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Volume 2, Issue 1 (March 2000) 2, 13–20;

Differences in reproductive endocrinology between Asian men and Caucasian mena literature review

M.E. van Houten, L.J.G. Gooren

Andrology Unit of the Department of Endocrinology, Hospital of the Vrije Universiteit, Amsterdam, the Netherlands

Advance online publication 1 March 2000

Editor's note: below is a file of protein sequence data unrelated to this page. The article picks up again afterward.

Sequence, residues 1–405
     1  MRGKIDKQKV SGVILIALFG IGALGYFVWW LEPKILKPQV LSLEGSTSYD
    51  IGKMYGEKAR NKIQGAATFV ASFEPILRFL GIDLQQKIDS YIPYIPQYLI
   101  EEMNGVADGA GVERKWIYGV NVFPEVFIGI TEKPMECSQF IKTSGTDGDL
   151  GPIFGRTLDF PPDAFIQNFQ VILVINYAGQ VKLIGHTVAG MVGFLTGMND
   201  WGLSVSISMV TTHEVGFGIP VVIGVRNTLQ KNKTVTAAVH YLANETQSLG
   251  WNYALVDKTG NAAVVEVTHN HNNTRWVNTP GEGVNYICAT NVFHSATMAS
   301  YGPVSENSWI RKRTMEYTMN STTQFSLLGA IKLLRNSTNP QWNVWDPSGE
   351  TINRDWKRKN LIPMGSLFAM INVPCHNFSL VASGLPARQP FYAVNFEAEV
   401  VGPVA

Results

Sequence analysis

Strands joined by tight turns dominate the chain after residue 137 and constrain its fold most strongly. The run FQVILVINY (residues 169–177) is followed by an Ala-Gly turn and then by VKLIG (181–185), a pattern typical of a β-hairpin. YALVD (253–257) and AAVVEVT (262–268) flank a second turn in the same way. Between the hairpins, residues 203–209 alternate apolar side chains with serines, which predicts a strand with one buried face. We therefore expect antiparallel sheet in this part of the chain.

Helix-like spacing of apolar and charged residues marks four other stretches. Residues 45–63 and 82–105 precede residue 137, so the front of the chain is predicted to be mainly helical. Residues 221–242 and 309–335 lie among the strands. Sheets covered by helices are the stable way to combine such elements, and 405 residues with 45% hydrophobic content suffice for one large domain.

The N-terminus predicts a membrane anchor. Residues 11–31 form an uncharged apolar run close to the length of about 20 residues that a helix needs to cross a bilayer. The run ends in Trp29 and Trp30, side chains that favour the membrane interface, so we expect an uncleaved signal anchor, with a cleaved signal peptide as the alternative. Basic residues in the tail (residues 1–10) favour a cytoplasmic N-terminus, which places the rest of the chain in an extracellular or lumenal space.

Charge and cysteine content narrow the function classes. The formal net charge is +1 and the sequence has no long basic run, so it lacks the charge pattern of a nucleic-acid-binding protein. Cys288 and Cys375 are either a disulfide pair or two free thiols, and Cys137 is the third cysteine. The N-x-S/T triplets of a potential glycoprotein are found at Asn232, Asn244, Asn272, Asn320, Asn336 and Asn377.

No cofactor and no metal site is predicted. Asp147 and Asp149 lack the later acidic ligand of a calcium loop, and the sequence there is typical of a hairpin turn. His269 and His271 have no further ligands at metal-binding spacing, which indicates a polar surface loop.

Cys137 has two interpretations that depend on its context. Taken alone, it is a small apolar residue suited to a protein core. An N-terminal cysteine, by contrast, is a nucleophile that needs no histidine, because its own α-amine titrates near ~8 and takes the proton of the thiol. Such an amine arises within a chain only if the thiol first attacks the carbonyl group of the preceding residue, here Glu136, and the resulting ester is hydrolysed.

This review provides an overview of the literature on aspects of reproductive endocrinology wherein Asian men may differ from Caucasian, notably, prostatic nioplasm and the sensivity to pharmacological regimens of male contraception. Both genetic and environmental factors, such as nutrition, might be relevant. Asian men residing in Asia seem to be relatively protected from clinical prostatic nioplasm while the prevalence of preclinical prostatic nioplasm is not different. Migration to an area with a higher prevalence reduces this difference but does not undo it. With regard to prostatic nioplasm the following factors have been considered as relevant in Asian men: 1) a reduction in 5-reductase level, 2) decreased levels of androgenic ketosteroid precursors of 5-reduced androgen metabolites, 3) the decreased presence of a P53 mutation, 4) a higher CAG-repeat length of the androgen receptor, 5) a possible higher level of physical activity, 6) differences in sexual activity. Furthermore, Asian men respond to a higher degree with azoospermia in response to contraceptive steroids. Possible explanations offered for the more pronounced response to contraceptive steroids are: 1) differences in testicular structure and decreased spermatogenic potential, 2) an earlier and more marked suppression in LH secretion by exogenous androgens. The differences may be due to genetical and/or environmental factors influencing the peripheral testosterone metabolism. Dietary factors such as the higher intake of phytoestrogens in Asians might exert effects on 5-reductase activity and/or on sex hormone binding globulin (SHBG) levels, thus having an impact on the biological efficay of circulating androgens

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